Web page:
A woman dubbed the “dog lady” is missing after being swept away by a tsunami in Tonga last weekend.
The tsunami was caused by the eruption of the underwater volcano called Hunga Tonga-Hunga-Ha’apai.
According to Newsweek, the 50-year-old British woman was named Angela Glover. She and her husband ran the Tongan Animal Welfare Society (TAWS), which is an animal welfare organization that provides dogs on the island with veterinary care.
When she and her husband returned to rescue her dogs from the incoming tsunami, Glover was reportedly swept away by the waves that flooded streets and devastated homes.
Glover and her husband had moved from London to Tonga in 2016. Five years later, she spoke to Yahoo News about why she decided to leave her home in London to move to the island.
“I am a huge animal lover and always wanted to rescue animals from an early age,” she explained at the time. “Over the first two years here people got to know my love of dogs and helping any way we could, and word spread. I became ‘the dog lady’!”
Glover Comments On ‘Eerie Silence’ Before Tornado Hit
Just before the tsunami struck, Glover took to social media to comment on the “eerie silence” that had descended on the community shortly before the tsunami hit.
“I’m not kidding you…. this is the sunset today after the volcano exploded last night. We’ve been under tsunami warnings today…” she wrote.
“everything’s fine… a few swells ….a few eerie silences…a wind or two…then silence…sudden stillness… electric storms…. everything looked like I was watching thru an Instagram filter,” she continued. She added #epic, #volcano, and #tsunami to the end of her post.
On Saturday, a four-foot tsunami hit Tonga’s main island of Tongatapu. As she and her husband were trying to head to higher ground, she and “four or five” dogs were swept away in the wave.
Her husband, James, survived the waves by holding on to a tree. Her brother, Nick Eleini, still is holding on to hope that his sister will be found.
“One of the dogs has been found, but Angela hasn’t been found,” he said. “It’s excruciating. I can’t even believe the words are coming out of my mouth, to be honest.”
South Pacific Animal Welfare Pays Tribute To Glover
The South Pacific Animal Welfare (SPAW) group, a volunteer-run veterinary service, reacted to the “devastating news” in a Facebook post.
“Our hearts are broken with the devastating news that our wonderful friend and colleague Angela Glover has gone missing during the tsunami in Tonga,” they wrote.
“We are still waiting for news and we are hoping, like everyone, that she is found safe and well soon,” they added.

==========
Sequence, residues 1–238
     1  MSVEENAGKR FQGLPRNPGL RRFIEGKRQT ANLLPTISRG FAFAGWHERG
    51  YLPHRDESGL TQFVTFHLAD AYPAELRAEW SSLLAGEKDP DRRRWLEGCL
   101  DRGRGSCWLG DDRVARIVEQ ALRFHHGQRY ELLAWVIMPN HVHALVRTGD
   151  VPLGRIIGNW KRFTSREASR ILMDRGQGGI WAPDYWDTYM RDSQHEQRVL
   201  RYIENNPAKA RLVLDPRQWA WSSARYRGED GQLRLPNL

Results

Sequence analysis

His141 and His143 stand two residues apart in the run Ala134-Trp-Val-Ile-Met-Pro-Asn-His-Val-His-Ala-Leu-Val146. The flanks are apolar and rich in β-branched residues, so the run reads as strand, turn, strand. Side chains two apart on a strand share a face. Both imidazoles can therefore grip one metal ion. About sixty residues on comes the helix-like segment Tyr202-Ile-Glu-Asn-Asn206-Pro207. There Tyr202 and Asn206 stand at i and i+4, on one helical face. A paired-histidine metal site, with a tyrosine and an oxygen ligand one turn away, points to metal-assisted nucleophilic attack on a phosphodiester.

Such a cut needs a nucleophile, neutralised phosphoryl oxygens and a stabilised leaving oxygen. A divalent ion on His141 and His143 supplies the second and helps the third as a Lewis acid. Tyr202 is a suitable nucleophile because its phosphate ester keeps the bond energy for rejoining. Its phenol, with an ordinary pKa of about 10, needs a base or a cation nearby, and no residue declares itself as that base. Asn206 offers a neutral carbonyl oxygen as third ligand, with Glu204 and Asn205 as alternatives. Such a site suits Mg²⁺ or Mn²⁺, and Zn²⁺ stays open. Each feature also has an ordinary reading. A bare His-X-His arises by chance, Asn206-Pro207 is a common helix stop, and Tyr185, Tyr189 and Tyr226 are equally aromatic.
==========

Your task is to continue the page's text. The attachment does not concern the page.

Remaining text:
“Angela is the co-founder of the Tonga Animal Welfare Society and a passionate advocate for animals,” they continued. “She and James are part of our whanau [extended family], and together they have worked with our clinic teams for many years.”
“Our thoughts and prayers are with Angela, James, their whanau, and friends at this incredibly sad time,” they concluded.
Underwater Volcano Creates Tsunami Advisory On The West Coast
— National Weather Service (@NWS) January 15, 2022
On Saturday morning, the states of Alaska, California, Oregon, and Washington were all under a tsunami advisory. According to the Pacific Tsunami Warning center, no damaged was reported in the state of Hawaii and the tsunami advisory ended only a few hours after the alert was issued.
The National Tsunami Warning Center confirmed reports that 1.2-foot waves were recorded in Nikolski, Alaska. One-foot waves were also reported in Atka, Adak, and King Cove, Alaska.
As The Blast previously reported, a four-foot tsunami struck Tonga’s largest island of Tongatapu. The tsunami was caused by a volcano erupting in the South Pacific, which sent an ash cloud and gas steam into the air over 12.4 miles into the air. The Hunga-Tonga-Hunga-Ha’apai volcano first erupted on Friday, and then later again on Saturday.
Waves flooded the capital of Tonga’s capital of Nuku’alofa, flooding houses and blocking roadways. Tonga’s King Tupou VI was evacuated from the Royal Palace after waves began to flood the city. Troops rushed the king to a villa at Mata Ki Eua.
Local reporter for Fiji One, Jese Tuisinu, tweeted a video showing people trying to escape the tsunami following the volcanic eruption.
Tsunami videos out of Tonga 🇹🇴 this afternoon following the Volcano Eruption. pic.twitter.com/JTIcEdbpGe
— Jese Tuisinu (@JTuisinu) January 15, 2022